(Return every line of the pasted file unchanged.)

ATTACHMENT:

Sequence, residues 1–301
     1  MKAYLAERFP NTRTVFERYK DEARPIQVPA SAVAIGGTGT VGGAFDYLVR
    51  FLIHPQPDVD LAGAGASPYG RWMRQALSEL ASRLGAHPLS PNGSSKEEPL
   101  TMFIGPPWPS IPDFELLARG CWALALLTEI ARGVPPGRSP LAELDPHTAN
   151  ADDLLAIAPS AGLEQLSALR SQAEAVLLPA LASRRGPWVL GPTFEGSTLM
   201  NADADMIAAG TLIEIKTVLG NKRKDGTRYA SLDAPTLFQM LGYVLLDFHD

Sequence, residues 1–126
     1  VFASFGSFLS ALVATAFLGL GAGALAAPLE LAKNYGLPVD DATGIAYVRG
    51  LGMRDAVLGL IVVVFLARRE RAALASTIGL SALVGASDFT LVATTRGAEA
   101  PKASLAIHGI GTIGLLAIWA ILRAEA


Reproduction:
Sequence, residues 1–301
     1  MKAYLAERFP NTRTVFERYK DEARPIQVPA SAVAIGGTGT VGGAFDYLVR
    51  FLIHPQPDVD LAGAGASPYG RWMRQALSEL ASRLGAHPLS PNGSSKEEPL
   101  TMFIGPPWPS IPDFELLARG CWALALLTEI ARGVPPGRSP LAELDPHTAN
   151  ADDLLAIAPS AGLEQLSALR SQAEAVLLPA LASRRGPWVL GPTFEGSTLM
   201  NADADMIAAG TLIEIKTVLG NKRKDGTRYA SLDAPTLFQM LGYVLLDFHD

Sequence, residues 1–126
     1  VFASFGSFLS ALVATAFLGL GAGALAAPLE LAKNYGLPVD DATGIAYVRG
    51  LGMRDAVLGL IVVVFLARRE RAALASTIGL SALVGASDFT LVATTRGAEA
   101  PKASLAIHGI GTIGLLAIWA ILRAEA